“Work from home” may be in place for much longer than originally anticipated for many organizations, and that could be by choice. Many leaders now see the value in allowing employees to telecommute. Others, who pivoted quickly and shored up their organization’s IT capabilities and security so that they could operate virtually, may not be so quick to rush back to the office, purely because they want a return on their investment. Others are considering permanent work from home because it has worked. That’s why many experts believe work from home is here to stay.
What does that mean to you? For many leaders, the thought of remaining virtual is not necessarily a pleasant thought. Leaders across all industries have received a pretty big wake-up call in recent months: Leading isn’t an “easy” job by any stretch of the imagination, but leading virtually often exacerbates your weaknesses. If you struggle to communicate in an office, you will likely really struggle when you are doing it through video chat and email. If you came up short on employee recognition when you saw staff face-to-face everyday, you likely won’t suddenly improve when you rarely see them.
If your current situation has exposed your leadership flaws, I encourage you to see it as an opportunity. An opportunity to learn and grow. An opportunity to fix the behaviors that are setting you back instead of allowing you to reach your full potential. Right now is the perfect time to lean into your situation and pay attention to what isn’t going well and the areas you find yourself struggling. Then create a self-development plan to improve in those areas. Because whether leading virtually is temporary for you or a long-term arrangement, working on yourself now will only benefit you, your team and your organization. Follow this advice.
Take responsibility for your growth
No one can do that for you. Not your parents. Not your spouse. Not your best friend. And not your employer. All of those people might be able to support you, but they can’t learn for you. You are the person who benefits the most, and your development belongs to no one but y-o-u. If others offer assistance, dollars or opportunities, great. Just don’t wait for that assistance to get started.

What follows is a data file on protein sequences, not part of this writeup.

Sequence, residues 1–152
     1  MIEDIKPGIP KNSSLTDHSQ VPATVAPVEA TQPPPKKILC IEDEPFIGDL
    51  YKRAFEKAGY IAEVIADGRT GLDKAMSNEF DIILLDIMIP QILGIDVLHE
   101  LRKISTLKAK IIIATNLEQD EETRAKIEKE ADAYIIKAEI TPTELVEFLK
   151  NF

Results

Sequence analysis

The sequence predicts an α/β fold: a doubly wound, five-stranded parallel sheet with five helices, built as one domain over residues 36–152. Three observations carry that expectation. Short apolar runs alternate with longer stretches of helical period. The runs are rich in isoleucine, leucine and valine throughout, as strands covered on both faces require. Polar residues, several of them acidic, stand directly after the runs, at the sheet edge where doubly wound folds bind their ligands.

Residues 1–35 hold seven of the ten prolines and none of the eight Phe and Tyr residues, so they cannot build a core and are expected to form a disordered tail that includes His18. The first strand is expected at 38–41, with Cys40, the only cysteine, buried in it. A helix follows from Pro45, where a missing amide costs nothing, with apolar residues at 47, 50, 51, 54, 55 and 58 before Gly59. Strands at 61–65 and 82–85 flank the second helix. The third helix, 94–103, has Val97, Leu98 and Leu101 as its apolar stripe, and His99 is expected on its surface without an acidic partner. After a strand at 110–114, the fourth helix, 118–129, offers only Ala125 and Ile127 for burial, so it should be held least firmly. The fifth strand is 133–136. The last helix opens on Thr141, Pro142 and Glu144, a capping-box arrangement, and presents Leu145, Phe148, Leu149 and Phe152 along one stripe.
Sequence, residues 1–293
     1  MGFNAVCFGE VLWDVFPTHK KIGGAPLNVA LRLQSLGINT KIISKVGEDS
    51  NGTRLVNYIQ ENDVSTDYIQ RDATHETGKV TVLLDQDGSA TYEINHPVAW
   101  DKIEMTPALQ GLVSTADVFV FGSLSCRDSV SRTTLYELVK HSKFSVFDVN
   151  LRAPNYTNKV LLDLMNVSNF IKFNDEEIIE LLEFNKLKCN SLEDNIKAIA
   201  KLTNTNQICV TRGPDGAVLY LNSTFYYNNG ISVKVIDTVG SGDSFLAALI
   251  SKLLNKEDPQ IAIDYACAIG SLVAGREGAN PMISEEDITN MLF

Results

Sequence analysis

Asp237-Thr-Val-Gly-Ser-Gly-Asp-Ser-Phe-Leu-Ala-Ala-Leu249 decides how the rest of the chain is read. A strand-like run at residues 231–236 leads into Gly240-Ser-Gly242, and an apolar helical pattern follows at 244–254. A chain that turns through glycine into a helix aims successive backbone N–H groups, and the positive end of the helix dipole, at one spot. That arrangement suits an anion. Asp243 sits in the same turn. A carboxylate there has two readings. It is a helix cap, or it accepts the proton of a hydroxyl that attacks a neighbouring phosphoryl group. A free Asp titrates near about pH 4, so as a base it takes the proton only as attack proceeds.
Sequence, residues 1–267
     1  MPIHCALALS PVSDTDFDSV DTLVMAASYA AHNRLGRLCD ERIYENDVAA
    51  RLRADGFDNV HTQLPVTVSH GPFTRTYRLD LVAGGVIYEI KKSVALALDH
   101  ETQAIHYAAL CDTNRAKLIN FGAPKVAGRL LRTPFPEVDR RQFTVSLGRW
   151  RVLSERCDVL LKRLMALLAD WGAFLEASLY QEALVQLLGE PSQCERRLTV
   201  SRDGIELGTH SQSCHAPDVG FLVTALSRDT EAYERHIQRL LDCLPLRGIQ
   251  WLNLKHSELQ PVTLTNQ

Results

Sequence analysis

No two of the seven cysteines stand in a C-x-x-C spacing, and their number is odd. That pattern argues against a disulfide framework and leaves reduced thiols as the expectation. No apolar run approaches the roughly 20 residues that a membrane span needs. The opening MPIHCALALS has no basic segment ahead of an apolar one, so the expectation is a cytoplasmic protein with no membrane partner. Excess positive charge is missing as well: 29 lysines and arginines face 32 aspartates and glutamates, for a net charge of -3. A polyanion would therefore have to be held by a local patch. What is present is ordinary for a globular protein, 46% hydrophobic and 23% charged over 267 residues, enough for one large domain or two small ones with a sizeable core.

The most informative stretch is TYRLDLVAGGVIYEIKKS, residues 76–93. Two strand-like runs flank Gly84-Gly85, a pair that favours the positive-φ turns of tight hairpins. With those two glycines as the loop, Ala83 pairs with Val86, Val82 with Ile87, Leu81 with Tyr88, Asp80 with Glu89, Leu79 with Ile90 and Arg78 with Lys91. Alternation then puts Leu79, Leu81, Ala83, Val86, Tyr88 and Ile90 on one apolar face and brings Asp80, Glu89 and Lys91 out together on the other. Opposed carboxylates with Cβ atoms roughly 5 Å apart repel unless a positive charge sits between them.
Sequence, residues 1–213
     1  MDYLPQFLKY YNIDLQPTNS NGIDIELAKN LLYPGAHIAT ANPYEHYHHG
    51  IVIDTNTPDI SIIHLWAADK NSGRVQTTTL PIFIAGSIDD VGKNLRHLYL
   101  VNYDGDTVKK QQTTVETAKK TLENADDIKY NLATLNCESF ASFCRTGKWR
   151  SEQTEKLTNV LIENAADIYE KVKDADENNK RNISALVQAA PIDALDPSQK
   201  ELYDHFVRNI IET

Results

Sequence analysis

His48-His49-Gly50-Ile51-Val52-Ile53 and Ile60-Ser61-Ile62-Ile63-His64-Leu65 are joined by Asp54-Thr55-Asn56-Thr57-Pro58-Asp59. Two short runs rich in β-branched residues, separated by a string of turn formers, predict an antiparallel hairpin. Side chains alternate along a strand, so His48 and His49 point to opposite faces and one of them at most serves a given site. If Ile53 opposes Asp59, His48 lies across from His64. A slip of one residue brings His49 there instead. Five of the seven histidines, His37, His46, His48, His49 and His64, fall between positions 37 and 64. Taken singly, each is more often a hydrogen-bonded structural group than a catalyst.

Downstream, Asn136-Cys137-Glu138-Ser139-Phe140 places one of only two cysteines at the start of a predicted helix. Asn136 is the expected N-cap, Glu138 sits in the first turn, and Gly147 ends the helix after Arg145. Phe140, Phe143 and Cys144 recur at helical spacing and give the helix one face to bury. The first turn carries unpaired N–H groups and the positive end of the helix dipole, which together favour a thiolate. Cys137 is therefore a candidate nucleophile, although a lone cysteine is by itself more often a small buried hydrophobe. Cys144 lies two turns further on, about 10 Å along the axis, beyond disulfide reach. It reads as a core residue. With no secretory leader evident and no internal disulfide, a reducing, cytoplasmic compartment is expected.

Create a learning focus
Ask yourself, “What do I want (or need) to learn today?” You must be clear on what matters most right now, and the best place to start is with those areas that you need to strengthen. Areas that may be painfully obvious now that you are leading from afar. Create a monthly, quarterly or annual learning focus. Yes, of course there will be lessons learned at random times, but having a plan will help you consciously and intentionally learn the skills and knowledge that is most important to your growth right now.
Tie your focus to a powerful “why”
Why do you want to learn? What value will you gain, be it personal satisfaction, pleasure or a leg up for the next promotion? Tie your learning focus to things that matter to you deeply. Reminding yourself of that connection will help maintain your discipline and keep you motivated to continue learning.
Connect everything together
Now that you have a clear picture of what you are focused on learning along with your powerful “why,” connect everything you read, experience and observe to that learning goal. For example, I lead a group of leaders through the development of a new skill each month. As I prepare and facilitate the learning of those leaders, I am thinking constantly about that topic/skill. That allows my subconscious mind to see examples, lessons and connections I would miss otherwise. Once you have your learning focus in view ask yourself, “How does this experience/situation/blog post/conversation/you-get-the-idea relate to what I need to learn?”
To build important and valuable skills requires you to invest energy and focus. And more important, you need to invest time. Getting on a serious personal/professional development plan will require you to invest your time differently. However busy you are, it is a matter of prioritizing your learning and growth higher on your list.
Decide how you will use newfound knowledge
Each day, ask yourself: “What did I learn today?” What did you learn about your shortcomings, strengths, employees, customers, industry and so on. How can that new knowledge shape your leadership going forward? The question is at the heart of your personal and professional development.
The best in any field or endeavor don’t get there alone, and they also don’t stay there alone. Help could be in the form of workshops, mentors and more. If you aren’t sure where to start, especially as you navigate the new workplace, we can help. In fact we’re offering our best-selling remote leadership courses right now at a special discounted price. And we are even offering a 4-part video series, Demystifying Remote Leadership, for free. You can download it here.